Fun facts about curling
Did you know that PyeongChang 2018 is the first time the Winter Olympic Games has seen mixed doubles action?
Here’s some other fun facts you might not know about curling, and Team Canada’s history in it.
Curling was first believed to be played in 16th century Scotland, some four hundred years before Canada started dominating this sport.
Canada’s Collin Mitchell in action at the 1998 Nagano Winter Olympics. (CP PHOTO/COC)
Curling wasn’t added to the Olympic Winter Games calendar for good until Nagano 1998. Prior to returning to the program in Japan, curling had been an official sport at Paris 1924, where Great Britain won gold, Sweden took silver and the host nation France struck bronze in a three-country tournament.
Curling flirted with a return to the Games by being a demonstration sport at Lake Placid 1932, Calgary 1988, and Albertville 1992.
Kaitlyn Lawes and John Morris of Canada on the podium after winning the Curling Mixed Doubles Gold Medal Game against Switzerland at the PyeongChang 2018 Winter Olympic Games at Gangneung Curling Centre on February 13, 2018 in Gangneung, South Korea.(Photo by Vincent Ethier/COC)
PyeongChang is the first time the Games has seen mixed doubles action.
Canada’s Kaitlyn Lawes and John Morris won the inaugural gold medal in the event. Both are now double Olympic gold medallists having won women’s and men’s events respectively at previous Games.
Canada’s Women’s curling team Atina Ford, Marcia Gudereit, Joan McCusker, Jan Betker and Sandra Schmirler (Left to Right) after winning a gold medal at the Nagano 1998 Olympic Winter Games. (CP PHOTO/COC)
With that win, Canada has currently won 11 medals in curling since its inclusion in 1998, with a chance to win two more in men’s and women’s competition in Korea.
The Lawes-Morris medal ensures that Canada has never gone without a medal in any Olympic curling competition since the sport returned to the program at Nagano.
Canada’s Brad Gushue, Mark Nichols, Russ Howard, Jamie Korab and Mike Adam celebrate after recieving their gold medals in curling at the 2006 Olympic Winter Games in Turin, Italy Saturday, Feb. 25, 2006.(CP PHOTO/Ryan Remiorz)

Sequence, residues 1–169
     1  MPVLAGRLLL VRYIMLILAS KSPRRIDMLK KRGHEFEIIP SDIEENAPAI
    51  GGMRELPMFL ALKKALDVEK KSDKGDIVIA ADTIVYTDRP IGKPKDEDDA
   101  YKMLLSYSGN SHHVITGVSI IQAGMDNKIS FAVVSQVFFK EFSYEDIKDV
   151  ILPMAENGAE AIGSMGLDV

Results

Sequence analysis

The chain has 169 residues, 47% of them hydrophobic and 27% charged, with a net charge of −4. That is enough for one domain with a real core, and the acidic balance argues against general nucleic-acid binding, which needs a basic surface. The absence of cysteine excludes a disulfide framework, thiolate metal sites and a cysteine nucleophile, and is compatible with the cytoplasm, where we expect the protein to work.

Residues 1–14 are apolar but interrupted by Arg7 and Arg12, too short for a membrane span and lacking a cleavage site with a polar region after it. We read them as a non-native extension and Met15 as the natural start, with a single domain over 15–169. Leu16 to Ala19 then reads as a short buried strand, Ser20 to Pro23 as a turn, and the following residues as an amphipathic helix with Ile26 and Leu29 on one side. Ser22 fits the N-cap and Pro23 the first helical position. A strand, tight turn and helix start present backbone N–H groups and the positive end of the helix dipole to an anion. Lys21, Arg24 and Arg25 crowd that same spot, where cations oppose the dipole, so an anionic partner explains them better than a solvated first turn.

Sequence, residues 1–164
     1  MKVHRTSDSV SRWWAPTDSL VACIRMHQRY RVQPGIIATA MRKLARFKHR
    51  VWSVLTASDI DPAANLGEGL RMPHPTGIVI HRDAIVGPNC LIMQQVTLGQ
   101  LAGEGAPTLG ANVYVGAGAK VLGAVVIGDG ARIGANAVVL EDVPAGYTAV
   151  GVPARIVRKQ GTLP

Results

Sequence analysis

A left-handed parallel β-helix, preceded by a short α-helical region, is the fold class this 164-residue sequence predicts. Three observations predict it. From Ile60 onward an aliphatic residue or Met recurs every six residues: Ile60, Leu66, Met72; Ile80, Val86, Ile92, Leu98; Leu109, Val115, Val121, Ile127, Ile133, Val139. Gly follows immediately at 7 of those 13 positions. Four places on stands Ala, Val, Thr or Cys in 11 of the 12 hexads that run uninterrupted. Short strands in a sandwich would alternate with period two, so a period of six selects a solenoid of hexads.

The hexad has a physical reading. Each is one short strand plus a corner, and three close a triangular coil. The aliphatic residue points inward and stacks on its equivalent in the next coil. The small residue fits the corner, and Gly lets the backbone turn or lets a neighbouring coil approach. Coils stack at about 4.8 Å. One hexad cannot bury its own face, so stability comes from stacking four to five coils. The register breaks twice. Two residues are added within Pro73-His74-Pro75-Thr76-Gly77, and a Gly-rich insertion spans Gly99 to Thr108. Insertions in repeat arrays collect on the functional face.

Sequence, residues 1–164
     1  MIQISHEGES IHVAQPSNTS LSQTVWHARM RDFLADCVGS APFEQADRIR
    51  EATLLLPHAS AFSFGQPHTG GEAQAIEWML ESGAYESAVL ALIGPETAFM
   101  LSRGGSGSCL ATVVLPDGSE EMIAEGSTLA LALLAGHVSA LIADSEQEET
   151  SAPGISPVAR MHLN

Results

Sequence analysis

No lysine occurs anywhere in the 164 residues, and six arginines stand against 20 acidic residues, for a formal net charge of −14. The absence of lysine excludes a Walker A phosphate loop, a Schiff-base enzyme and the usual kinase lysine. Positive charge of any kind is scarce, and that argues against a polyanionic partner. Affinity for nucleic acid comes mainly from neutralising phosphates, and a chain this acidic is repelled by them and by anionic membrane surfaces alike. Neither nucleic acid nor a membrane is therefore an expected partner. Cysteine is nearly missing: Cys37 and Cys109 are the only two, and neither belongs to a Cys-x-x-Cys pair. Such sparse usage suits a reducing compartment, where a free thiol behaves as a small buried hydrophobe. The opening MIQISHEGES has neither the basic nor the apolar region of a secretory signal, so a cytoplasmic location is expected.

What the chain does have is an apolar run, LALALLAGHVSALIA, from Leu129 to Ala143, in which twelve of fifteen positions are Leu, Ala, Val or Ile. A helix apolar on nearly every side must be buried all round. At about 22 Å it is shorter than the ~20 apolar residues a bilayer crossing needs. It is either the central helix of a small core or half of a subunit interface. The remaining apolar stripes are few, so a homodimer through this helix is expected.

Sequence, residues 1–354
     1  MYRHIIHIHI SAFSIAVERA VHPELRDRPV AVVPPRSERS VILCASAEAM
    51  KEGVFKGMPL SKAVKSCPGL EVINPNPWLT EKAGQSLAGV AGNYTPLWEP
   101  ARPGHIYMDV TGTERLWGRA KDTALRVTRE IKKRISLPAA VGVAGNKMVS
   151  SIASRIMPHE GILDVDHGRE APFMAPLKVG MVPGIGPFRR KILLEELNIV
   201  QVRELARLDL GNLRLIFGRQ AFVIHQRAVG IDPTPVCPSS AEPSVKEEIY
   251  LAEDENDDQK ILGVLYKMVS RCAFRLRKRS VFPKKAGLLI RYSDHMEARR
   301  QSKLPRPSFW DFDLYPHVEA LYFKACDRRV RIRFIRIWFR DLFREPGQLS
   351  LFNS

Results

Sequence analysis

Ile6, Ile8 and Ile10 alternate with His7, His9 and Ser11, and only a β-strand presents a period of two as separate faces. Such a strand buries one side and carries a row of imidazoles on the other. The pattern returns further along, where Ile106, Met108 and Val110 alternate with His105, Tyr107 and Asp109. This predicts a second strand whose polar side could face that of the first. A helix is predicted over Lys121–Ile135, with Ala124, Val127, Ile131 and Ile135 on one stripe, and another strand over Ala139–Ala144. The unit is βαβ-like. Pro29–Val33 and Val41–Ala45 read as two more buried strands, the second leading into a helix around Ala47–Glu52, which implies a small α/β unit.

Canada has won three consecutive gold medals in men’s competition heading into PyeongChang, starting with Turin 2006.
Overall the Canadian men’s medal record through five Games is three gold and two silver.
Canadian Women’s Curling team (left to right) Cheryl Noble, of Victoria, Kelley Law, of Coquitlam, B.C., Diane Nelson, of Burnaby, B.C., Julie Skinner, of Victoria, and Georgina Wheatcroft, of Victoria, show off their bronze medals Thursday Feb. 21, 2002, at the 2002 Olympic Winter Games in Salt Lake City. They beat Team USA to bring home the bronze. (CP Photo/COC/Andre Forget)
Canada’s women won their first Olympic gold in four Games at Sochi 2014 under Jennifer Jones.
Prior to Jones’ rink putting Canadian women back on top of the podium, Canada’s last women’s curling gold was in the sport’s return at Nagano under Sandra Schmirler.
Canadian skip Cheryl Bernard in action during a game against China on Sunday February 21, 2010 at the 2010 Vancouver Olympics. THE CANADIAN PRESS/Rick Eglinton
The oldest athlete competing in PyeongChang is a curler. Cheryl Bernard is 51-years-old and won a silver at Vancouver 2010. She will be an alternate for Canadian women in Korea.
Canada’s overall men’s and women’s medal record in curling at the Olympic Games is five gold, three silver and two bronze.
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